- By Chris Kremidas Courtney
With this summer’s European Council just a month away, now seems a good time to ask “what’s the summit for?” At first glance, the EU leaders’ agenda suggests that’s a stupid question because it’s dominated by the unending nonsense of Brexit, the North-South deadlock over eurozone reform and how the EU should respond to the Trump Administration’s trampling of the bonds that hold our unruly world together.
But these are not the issues that heads of government ought to be addressing; they are matters their ministers should thrash out. Wolfgang Schüssel, who as Austria’s chancellor from 2000-2007 was a European Council stalwart, no doubt speaks for other national leaders when explaining why the focus of EU summits is so often wrong.
The diminished role of foreign affairs ministers, he reckons, means that when they fail to resolve problems they kick them upwards. The European Council, Schüssel commented to me a few years ago, thus becomes “a forum of late deciders”, exacerbating the EU’s slowness and inefficiency.
EU summits lack the strategic vision they were originally intended to provide
EU summits lack the strategic vision they were originally intended to provide. Their focus is on tactical responses rather than the far greater challenges that confront Europe.
The ageing of European society and the pros and cons of an EU-wide immigration policy to compensate for shrinking workforces raise huge questions that only national leaders can answer, yet they are relegated to ministers far down the pecking order.
Perhaps the implications of Europe’s demographic decline are too awful to contemplate for the prime ministers gathered at a European Council. Unless EU countries start to plan ahead, its effects could be catastrophic. Looming labour shortages and the ineluctable pressures of ageing on pensions and healthcare will increase Europe’s need for immigrant workers, with populist backlashes threatening the political integrity of the EU, and possibly its survival.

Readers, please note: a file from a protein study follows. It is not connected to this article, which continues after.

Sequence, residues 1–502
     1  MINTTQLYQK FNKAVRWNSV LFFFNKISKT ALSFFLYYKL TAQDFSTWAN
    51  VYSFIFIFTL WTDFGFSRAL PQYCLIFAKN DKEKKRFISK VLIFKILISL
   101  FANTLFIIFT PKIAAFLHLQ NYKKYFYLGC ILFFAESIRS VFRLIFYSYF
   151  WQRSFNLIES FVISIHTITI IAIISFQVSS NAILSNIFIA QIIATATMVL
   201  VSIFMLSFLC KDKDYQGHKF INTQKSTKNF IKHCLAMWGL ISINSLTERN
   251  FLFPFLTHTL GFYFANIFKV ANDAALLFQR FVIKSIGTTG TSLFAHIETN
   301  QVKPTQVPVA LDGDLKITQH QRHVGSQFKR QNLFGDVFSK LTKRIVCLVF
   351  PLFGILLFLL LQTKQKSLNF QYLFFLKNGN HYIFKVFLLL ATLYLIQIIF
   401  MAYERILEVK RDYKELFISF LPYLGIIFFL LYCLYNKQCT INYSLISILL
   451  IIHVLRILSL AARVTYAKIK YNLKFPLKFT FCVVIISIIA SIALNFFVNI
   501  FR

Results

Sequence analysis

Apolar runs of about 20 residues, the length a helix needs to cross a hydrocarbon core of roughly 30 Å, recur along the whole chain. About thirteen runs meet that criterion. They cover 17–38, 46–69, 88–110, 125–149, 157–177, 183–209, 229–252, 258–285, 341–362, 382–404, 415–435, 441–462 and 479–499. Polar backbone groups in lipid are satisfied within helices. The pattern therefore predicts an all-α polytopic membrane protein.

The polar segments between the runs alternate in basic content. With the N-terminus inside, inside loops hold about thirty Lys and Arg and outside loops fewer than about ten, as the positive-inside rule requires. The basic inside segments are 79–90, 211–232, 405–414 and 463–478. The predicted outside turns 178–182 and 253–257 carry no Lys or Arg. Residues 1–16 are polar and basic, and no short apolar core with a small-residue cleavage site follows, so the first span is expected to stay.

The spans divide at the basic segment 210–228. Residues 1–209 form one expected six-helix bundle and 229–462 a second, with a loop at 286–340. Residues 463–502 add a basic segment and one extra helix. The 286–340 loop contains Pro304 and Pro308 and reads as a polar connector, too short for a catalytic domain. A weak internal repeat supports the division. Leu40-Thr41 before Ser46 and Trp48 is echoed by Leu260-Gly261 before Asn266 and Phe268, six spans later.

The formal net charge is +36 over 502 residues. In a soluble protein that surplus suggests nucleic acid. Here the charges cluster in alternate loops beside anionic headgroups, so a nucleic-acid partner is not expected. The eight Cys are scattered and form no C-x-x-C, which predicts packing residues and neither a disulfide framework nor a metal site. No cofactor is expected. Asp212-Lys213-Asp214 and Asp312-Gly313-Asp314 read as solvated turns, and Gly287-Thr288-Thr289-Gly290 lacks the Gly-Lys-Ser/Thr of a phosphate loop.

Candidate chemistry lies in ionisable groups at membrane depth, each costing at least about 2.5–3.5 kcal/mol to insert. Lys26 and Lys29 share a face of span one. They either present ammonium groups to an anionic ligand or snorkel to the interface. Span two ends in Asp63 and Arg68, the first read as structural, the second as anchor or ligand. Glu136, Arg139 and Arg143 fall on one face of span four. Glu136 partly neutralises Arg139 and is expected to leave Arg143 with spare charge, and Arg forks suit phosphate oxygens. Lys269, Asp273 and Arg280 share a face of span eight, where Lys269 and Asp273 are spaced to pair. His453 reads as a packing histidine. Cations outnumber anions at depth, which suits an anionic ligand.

There’s nothing new about alarming demographic projections. Ageing coupled with low birth rates ‒- the EU average is now about 1.5 children per couple ‒- have led to countless warnings by the European Commission and international agencies like the IMF and OECD. All were greeted by “a deafening silence”, comments a recent report entitled “‘Demographic Suicide” ’ by the Fondation Robert Schuman. This Paris-based think tank warns that 2050 will see the EU’s present 240m-strong active workforce reduced by 49 million people
No one can yet tell whether AI and robotics will somehow make up for shrinking workforces
The combination of infertility and longevity is a time bomb that will start exploding in 2030. By then, Europe’s over-65s will constitute four-tenths of the population, while the numbers of younger people coming onto the labour market will be down by a third. The pensions outlook is a nightmare because by mid-century the proportion of working age people to pensioners will have shrunk from today’s ratio of 4:1 to just 2:1.
This adds up to a re-landscaping of Europe’s political economy. No one can yet tell whether AI and robotics will somehow make up for shrinking workforces, but it’s hard to see how they can compensate for lost taxes and greatly reduced consumption.
Above all, there’s the immigration issue. So far, the migrant crisis of 2015/16 has divided EU countries against each other and within themselves. And that concerned just a million-plus Syrian and other refugees, whereas a report almost a decade ago by former EU foreign policy chief Javier Solana suggested 100 million newcomers will be needed by mid-century to bridge Europe’s demographic deficit.
These are the big questions the European Council should be discussing. Solutions may not come readily to hand, but at least the focus of an EU summit could trigger the constructive debate that Europe’s policymakers have been avoiding.
- By Jamie Shea
- By Hannah Scheuermann & Birte Brecht-Drouart
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